I would say that the duel scene is a bit at odds with Fen's remembering events with his wife. The two strands are interesting when looked at individually, but I don't think the two story lines mesh well together. I got excited by the duel, then it stopped, then I started to get excited about his marital problems, then it stopped, ... You get the picture. I think it was a nice idea to try it (we all think about strange things while watching entertainment), but it doesn't read that good.

My main issue here is the number of characters and places. There are so many I lost count. For an opening chapter, you should limit yourself to about 3 new characters so your reader isn't lost. An editor made me change an early chapter (not even the first) because 3 characters talked about 2 others; you're far above this count. I was also told to drop last names at first because it's like 2 names when you need only one; you might want to do the same here. The same goes for location names : too many makes for a more difficult read.

The wooden sword is a nice idea.

Last comment : I think the chapter ends too abruptly. The last sentence isn't a surprise for the reader (since we've known that since the prologue), so you can't say you're ending with an emotional response from the reader. You need to put in there Fen's thoughts (one or two sentences) in order to achieve that : we're supposed to empathize with him so show us what he's feeling right there before closing the chapter.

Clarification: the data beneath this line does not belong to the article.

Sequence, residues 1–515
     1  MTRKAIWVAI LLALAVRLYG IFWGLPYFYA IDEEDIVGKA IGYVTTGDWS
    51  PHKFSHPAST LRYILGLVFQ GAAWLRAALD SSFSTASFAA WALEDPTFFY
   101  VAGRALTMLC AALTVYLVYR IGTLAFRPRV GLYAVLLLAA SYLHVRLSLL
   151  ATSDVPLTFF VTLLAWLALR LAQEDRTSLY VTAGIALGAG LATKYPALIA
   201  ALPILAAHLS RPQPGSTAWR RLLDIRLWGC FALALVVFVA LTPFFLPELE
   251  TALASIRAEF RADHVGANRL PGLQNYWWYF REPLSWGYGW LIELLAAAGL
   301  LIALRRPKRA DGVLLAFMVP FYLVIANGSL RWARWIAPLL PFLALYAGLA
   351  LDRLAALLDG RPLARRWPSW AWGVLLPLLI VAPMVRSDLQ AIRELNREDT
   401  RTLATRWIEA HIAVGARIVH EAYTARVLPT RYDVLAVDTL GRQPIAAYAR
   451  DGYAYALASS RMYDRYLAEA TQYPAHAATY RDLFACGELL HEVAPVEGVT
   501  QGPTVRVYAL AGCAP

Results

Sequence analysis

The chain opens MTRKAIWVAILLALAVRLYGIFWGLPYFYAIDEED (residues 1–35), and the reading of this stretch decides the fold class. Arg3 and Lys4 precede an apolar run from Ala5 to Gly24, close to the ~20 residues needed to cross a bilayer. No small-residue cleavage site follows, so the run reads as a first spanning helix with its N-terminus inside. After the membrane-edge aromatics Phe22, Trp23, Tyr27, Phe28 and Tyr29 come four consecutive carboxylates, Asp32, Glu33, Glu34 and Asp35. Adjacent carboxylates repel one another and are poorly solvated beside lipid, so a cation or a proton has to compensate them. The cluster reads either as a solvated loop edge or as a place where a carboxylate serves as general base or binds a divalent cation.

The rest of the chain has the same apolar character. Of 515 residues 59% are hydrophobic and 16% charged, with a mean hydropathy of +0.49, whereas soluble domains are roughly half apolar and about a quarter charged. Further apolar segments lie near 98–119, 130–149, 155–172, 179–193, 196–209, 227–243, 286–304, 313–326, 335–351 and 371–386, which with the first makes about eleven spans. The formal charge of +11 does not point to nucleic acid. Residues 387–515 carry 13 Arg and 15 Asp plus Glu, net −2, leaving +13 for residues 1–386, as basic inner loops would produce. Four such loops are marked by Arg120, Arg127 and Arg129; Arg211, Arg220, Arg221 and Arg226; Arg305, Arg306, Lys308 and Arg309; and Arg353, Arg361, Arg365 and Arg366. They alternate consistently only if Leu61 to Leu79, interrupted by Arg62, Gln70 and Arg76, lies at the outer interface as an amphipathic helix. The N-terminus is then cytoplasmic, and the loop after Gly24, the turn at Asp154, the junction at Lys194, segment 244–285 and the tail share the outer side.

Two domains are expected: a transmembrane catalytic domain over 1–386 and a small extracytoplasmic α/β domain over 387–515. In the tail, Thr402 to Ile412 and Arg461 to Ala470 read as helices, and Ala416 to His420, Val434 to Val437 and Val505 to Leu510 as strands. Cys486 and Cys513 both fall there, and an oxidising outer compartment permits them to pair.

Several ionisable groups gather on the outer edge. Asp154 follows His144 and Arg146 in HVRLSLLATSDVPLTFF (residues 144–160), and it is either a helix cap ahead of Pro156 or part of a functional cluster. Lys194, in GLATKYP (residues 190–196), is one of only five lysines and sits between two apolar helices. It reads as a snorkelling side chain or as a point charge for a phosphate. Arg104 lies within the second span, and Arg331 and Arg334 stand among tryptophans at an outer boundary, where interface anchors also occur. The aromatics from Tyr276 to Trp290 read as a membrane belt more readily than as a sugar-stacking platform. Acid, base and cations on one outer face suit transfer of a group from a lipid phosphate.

On a side note : I'm not sure which font you used, but I found the end result difficult to read (I used OpenOffice; It might look fine with Word). You might want to use something more common, especially if you want to submit your manuscripts later.

Edited by akoebel
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Thanks for all this.

Prologue- I think you guys may be right about cutting out the prologue, but it is a good way to introduce the world, so I'm not sure yet...

Elad- You're totally right for noticing this. I've decided to let his actions speak for themselves and cut out the comment about him being pensive.

To akoebel- I was wondering if the comment about the emerald pommel on Adiel's blade explained the way the crystals work a bit. Also the font is Times New Roman, so if you use Word it should be fine.

Edited by Trizee
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I was wondering if the comment about the emerald pommel on Adiel's blade explained the way the crystals work a bit.

Not at the time. I sensed there was something there, but didn't have enough elements yet to understand the magic system (which is fine, you have time to set it up).